02 Nov And They Were a Grief of Mind..
It’s been several years since Isaac met and fell in love with his wife Rebekah, and they have been blessed with two sons, Esau and Jacob.
Esau is married, Jacob single.
Esau has two wives named Judith and Basemath.
And, we are reliably informed, the two women are a grief of mind..
If you recall, dear reader, sometime back Abraham had gone to great lengths to acquire a bride for his son Isaac, and this is how the beautiful Rebekah had come to be in the family.
Now, however, the couple’s son Esau had bucked tradition and married two women from a community other than his own.
Their names were Judith and Basemath.
And they were Hittites; descendants of Canaan, the son of Ham, the son of Noah.
A little digging, as I read this story, tells me that the Canaanites had very strange religious rites and worshiped the false gods Baal and Asherah, unlike Abraham’s family who believed in one God.
Perhaps this was the reason for the grief of mind, I wonder? Alien religious practices, at odds with those of Isaac and Rebekah?
But that’s beside the point.
What’s on my mind right now is this;
All we know of these two women is that they were a “grief of mind” to Isaac and Rebekah.
That when the author of the family records got down to writing, he summed up the two Missus’ thus – they were a grief of mind.
Granted, there is a little bit about the children they bore to Esau, but nothing more about their character or accomplishments, other than these six unflattering words.
Not a very admirable legacy, I’d say.
This story causes me to reflect on a few other women I’ve come across in the Bible.
I remember Ruth, an admirable widow who stuck with her mother-in-law, quite literally through thick and thin, even though her husband was dead and she was free to live with her own community.
I think about wise Abigail, who rescued her family from certain annihilation by a furious David, after a foolish decision by her supremely unwise husband.
Rahab, a prostitute who, despite her rather unorthodox occupation, showed greater wisdom than several of her countrymen combined, during a time of great national calamity.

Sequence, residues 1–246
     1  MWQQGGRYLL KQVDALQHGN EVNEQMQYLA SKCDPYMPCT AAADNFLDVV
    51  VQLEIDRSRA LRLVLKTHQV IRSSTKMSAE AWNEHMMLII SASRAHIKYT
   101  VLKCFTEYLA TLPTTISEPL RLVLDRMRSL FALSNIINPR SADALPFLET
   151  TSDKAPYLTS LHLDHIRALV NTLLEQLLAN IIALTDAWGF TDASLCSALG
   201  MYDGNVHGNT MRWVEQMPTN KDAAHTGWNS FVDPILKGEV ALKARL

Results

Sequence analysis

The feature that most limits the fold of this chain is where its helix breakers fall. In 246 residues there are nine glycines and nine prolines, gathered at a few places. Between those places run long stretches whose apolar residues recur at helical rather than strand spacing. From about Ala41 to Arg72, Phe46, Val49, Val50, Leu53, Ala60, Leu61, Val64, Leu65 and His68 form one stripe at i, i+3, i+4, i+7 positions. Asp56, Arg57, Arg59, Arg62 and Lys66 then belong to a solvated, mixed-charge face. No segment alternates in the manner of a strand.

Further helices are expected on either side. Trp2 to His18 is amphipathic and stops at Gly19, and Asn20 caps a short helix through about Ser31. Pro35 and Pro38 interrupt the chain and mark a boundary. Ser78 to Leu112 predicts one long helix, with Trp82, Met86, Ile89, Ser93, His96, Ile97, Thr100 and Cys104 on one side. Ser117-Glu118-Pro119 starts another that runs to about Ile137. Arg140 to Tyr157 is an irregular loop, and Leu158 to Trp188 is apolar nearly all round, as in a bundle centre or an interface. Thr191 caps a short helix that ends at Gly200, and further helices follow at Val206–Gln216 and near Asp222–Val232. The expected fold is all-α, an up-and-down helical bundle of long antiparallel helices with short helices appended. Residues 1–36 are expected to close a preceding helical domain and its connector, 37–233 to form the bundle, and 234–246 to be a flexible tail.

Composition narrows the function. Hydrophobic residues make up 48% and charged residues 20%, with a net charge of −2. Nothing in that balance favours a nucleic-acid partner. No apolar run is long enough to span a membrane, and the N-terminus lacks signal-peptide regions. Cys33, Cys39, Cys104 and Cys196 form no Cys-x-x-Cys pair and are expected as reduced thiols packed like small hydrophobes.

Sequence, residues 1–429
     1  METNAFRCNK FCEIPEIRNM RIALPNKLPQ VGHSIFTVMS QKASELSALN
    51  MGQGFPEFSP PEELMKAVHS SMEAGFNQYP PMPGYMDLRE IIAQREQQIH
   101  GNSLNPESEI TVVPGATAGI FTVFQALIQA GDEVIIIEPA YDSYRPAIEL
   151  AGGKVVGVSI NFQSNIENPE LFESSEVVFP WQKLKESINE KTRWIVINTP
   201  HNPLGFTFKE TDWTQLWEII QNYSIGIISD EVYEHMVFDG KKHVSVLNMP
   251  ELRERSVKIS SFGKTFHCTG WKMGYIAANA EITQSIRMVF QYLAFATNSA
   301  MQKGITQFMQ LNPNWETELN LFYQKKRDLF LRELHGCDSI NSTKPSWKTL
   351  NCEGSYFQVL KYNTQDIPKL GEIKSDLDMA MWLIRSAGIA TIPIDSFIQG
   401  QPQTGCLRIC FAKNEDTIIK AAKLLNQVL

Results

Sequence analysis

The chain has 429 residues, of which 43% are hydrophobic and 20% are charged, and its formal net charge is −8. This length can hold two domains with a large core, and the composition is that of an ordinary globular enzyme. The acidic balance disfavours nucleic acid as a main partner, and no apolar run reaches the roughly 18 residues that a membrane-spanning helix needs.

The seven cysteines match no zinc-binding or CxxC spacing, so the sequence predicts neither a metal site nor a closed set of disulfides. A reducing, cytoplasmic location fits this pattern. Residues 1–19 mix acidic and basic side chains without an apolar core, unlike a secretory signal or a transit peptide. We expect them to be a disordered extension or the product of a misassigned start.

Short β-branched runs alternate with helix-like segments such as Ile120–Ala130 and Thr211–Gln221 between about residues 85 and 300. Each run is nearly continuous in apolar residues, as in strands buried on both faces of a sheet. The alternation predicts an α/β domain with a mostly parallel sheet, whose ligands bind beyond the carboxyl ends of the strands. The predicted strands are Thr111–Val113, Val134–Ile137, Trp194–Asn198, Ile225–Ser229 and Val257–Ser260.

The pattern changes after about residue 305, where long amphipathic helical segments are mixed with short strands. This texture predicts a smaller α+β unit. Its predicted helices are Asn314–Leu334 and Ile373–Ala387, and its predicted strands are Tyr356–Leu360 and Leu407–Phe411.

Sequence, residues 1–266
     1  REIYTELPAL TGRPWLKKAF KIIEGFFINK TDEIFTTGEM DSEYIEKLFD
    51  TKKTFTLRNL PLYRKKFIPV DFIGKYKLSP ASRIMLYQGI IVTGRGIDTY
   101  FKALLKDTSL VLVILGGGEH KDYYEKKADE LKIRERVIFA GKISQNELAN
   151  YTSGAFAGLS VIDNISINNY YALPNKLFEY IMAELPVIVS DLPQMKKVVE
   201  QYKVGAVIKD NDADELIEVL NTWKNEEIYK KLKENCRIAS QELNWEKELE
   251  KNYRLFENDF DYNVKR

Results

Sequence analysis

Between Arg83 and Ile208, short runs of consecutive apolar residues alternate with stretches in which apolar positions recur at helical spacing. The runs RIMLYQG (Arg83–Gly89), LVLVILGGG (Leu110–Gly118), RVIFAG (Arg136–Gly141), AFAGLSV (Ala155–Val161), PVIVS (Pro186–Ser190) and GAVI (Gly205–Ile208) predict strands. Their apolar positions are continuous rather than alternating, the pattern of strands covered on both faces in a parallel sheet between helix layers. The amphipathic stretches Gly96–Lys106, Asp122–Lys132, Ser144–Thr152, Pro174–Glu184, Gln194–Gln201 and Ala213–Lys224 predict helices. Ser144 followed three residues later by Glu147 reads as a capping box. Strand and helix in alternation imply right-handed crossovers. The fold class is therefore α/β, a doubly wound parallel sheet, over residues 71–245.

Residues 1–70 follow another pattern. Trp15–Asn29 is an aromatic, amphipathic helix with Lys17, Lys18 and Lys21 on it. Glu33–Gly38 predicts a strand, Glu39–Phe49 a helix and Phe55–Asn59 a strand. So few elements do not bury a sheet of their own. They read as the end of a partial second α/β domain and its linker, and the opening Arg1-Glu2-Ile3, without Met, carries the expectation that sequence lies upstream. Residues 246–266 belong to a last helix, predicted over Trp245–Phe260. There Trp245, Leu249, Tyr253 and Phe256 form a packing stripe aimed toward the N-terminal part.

Beautiful Queen Esther, who rose to a most terrifying challenge, risking her own life to save that of her people, as they languished in exile in Persia.
I personally would be delighted to have such accomplished fore-bearers in my family tree!
But what about my own legacy, I wonder?
What am I doing today that will be remembered tomorrow?
How will my children, grand-children and great-grandchildren remember me?
Will there be tales of great and admirable accomplishments – remarkable exploits worth several generations of family pride?
Or will I simply be another twig in the family tree? And a rather unmemorable one at that?
The thought gives me considerable pause.
How about you, dear reader?
Have you considered your own legacy? How your family will remember you, in fifty or one hundred years to come?
Let it not be, dear reader, that we will someday be remembered by a handful of unflattering words.
Words such as these – they were a grief of mind to.. (insert sundry relatives and friends).
Watch the Video – And They Were a Grief of Mind.
When Esau was forty years old, he took as wives Judith the daughter of Beeri the Hittite, and Basemath the daughter of Elon the Hittite. And they were a grief of mind to Isaac and Rebekah. Genesis 26:34-35
Judy KhanyolaPosted at 14:19h, 02 November
You my dear Paulie have supremely challenged me…I am reeavluating very many things in my life right now and it’s like God is speaking to me…thank you for your obedience
CesPosted at 15:33h, 02 November
Well said Paulie.
A memorable legacy is left by those who lead a life of total obedience to God.
Nancy SangoroPosted at 18:09h, 07 November
Thanks Paulie. We need to work on our life purpose and leave a positive legacy. I am truly blessed!